[Python-Dev] Help preventing SIGPIPE/SIG_DFL anti-pattern.

Alfred Perlstein alfred at freebsd.org
Sat Jun 30 12:31:35 EDT 2018

(sorry for the double post, looks like maybe attachments are dropped, 
inlined the attachment this time.)


I'm looking for someone in the python community to help with a problem 
of anti-patterns showing up dealing with SIGPIPE.

Specifically I've noticed an anti-pattern developing where folks will 
try to suppress broken pipe errors written to stdout by setting 
SIGPIPE's disposition to SIG_DFL.  This is actually very common, and 
also rather broken due to the fact that for all but the most simple text 
filters this opens up a problem where the process can exit unexpectedly 
due to SIGPIPE being generated from a remote connection the program makes.

I have attached a test program which shows the problem.

to use this program it takes several args.

# 1. Illustrate the 'ugly output to stderr' that folks want to avoid:

% python3 t0.py nocatch | head -1

# 2. Illustrate the anti-pattern, the program exits on about line 47 
which most folks to not understand

% python3 t0.py dfl | head -1

# 3. Show a better solution where we catch the pipe error and cleanup to 
avoid the message:

% python3 t0.py | head -1

I did a recent audit of a few code bases and saw this pattern pop often 
often enough that I am asking if there's a way we can discourage the use 
of "signal(SIGPIPE, SIG_DFL)" unless the user really understands what 
they are doing.

I do have a pull req here: https://github.com/python/cpython/pull/6773 
where I am trying to document this on the signal page, but I can't sort 
out how to land this doc change.

thank you,


=== CUT HERE ===

# Program showing the dangers of setting the SIG_PIPE handler to the 
default handler (SIG_DFL).
# To illustrate the problem run with:
# ./foo.py dfl
# The program will exit in do_network_stuff() even though there is a an 
"except" clause.
# The do_network_stuff() simulates a remote connection that closes 
before it can be written to
# which happens often enough to be a hazard in practice.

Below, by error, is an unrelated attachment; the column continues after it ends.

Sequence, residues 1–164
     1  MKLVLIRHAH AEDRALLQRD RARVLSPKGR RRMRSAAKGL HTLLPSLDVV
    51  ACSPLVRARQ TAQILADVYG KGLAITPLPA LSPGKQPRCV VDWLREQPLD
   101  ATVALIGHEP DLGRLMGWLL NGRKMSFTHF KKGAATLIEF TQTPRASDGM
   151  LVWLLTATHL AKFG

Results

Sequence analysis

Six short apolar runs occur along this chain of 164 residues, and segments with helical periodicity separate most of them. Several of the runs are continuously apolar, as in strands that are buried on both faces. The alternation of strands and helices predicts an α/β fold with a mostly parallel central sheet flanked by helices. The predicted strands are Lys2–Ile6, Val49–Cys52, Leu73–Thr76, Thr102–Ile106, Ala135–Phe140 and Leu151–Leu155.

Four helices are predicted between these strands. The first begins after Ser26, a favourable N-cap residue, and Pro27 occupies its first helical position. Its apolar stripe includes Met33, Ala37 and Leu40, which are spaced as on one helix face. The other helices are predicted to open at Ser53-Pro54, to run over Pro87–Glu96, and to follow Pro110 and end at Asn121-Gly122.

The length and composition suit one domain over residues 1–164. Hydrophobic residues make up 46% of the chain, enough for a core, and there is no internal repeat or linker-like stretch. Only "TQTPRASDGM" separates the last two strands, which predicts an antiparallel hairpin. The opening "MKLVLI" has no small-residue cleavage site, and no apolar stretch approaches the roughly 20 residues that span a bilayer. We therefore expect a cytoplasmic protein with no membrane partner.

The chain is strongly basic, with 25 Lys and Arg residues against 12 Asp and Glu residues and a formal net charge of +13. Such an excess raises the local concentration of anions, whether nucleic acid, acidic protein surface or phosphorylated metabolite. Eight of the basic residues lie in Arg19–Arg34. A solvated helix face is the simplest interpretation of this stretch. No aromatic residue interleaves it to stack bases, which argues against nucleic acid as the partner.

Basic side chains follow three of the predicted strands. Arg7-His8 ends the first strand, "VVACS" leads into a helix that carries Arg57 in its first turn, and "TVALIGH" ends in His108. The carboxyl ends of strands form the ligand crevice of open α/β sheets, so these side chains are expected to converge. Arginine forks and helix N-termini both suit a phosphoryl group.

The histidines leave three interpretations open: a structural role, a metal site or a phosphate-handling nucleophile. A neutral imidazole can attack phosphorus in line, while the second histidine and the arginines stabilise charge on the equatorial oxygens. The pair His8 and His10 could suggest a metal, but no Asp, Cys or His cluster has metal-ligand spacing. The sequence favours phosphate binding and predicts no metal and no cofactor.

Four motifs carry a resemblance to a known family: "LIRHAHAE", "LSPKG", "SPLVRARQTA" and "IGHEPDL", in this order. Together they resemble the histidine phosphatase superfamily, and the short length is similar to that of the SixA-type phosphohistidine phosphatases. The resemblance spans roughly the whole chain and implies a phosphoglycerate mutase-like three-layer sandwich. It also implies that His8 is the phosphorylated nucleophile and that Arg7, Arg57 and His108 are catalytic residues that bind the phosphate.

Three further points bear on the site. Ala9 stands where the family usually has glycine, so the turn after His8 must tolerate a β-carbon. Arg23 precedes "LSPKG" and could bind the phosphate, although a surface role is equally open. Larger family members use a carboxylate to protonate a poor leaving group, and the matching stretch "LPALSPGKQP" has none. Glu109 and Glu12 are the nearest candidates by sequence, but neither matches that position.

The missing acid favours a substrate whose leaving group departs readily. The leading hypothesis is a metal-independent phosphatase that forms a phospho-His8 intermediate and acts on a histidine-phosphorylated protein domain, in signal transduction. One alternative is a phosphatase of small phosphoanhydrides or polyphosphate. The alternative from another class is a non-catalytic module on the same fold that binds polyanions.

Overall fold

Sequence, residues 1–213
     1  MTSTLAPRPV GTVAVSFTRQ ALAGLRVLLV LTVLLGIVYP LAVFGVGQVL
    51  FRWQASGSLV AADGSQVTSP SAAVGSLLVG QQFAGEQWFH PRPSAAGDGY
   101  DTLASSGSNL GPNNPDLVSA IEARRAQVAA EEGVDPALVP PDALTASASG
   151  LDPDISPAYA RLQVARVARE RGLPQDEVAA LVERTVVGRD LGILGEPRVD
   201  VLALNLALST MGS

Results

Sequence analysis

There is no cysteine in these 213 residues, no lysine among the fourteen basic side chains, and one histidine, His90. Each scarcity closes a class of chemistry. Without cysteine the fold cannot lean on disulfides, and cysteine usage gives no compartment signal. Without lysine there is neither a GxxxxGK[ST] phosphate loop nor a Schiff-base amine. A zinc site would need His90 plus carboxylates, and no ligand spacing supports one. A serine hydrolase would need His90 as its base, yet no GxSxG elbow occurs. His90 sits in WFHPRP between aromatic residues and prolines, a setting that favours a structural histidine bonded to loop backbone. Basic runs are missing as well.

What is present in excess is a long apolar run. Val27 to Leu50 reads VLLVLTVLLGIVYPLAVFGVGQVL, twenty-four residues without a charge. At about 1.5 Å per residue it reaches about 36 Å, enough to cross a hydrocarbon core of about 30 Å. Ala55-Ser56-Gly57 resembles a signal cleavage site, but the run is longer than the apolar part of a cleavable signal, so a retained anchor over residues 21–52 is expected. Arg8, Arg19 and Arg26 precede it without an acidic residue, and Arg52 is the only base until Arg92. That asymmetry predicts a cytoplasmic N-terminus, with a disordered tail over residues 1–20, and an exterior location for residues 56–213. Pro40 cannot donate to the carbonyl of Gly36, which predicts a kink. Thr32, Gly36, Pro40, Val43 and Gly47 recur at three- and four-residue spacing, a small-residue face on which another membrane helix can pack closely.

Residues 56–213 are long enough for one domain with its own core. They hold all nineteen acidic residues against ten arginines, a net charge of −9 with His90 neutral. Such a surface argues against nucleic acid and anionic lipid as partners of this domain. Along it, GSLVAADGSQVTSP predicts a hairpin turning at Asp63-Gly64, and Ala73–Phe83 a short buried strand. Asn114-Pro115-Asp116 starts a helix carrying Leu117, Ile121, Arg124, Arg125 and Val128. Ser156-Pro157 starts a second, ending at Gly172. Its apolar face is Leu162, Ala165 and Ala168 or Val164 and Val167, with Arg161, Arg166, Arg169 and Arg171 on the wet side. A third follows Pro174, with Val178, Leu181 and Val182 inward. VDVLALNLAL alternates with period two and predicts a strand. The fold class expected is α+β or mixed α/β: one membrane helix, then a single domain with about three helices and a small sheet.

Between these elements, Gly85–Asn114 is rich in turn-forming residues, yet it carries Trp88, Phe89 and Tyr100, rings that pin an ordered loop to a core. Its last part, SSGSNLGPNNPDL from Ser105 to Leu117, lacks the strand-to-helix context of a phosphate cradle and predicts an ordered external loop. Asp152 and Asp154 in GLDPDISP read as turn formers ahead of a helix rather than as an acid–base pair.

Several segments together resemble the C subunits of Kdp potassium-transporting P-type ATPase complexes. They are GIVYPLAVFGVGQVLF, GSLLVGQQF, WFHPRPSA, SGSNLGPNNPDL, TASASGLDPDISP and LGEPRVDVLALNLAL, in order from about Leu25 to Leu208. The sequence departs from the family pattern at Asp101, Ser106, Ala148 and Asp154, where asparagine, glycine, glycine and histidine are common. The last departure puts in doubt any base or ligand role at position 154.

import signal
import sys
import socket
import os

def sigpipe_handler(sig, frame):
     sys.stderr.write("Got sigpipe \n\n\n")

def get_server_connection():
     # simulate making a connection to a remote service that closes the 
     # before we can write to it.  (In practice a host rebooting, or 
otherwise exiting while we are
     # trying to interact with it will be the true source of such behavior.)
     s1, s2 = socket.socketpair()
     return s1

def do_network_stuff():
     # simulate interacting with a remote service that closes its connection
     # before we can write to it.  Example: connecting to an http 
service and
     # issuing a GET request, but the remote server is shutting down between
     # when our connection finishes the 3-way handshake and when we are able
     # to write our "GET /" request to it.
     # In theory this function should be resilient to this, however if 
SIGPIPE is set
     # to SIGDFL then this code will cause termination of the program.
     if 'dfl' in sys.argv[1:]:
         signal.signal(signal.SIGPIPE, signal.SIG_DFL)

     for x in range(5):
         server_conn = get_server_connection()
         sys.stderr.write("about to write to server socket...\n")
             server_conn.send(b"GET /")
         except BrokenPipeError as bpe:
             sys.stderr.write("caught broken pipe on talking to server, 

def work():
     for x in range(10000):

def main():
     if 'nocatch' in sys.argv[1:]:
         except BrokenPipeError as bpe:
             signal.signal(signal.SIGPIPE, signal.SIG_DFL)
             os.kill(os.getpid(), signal.SIGPIPE)

if __name__ == '__main__':

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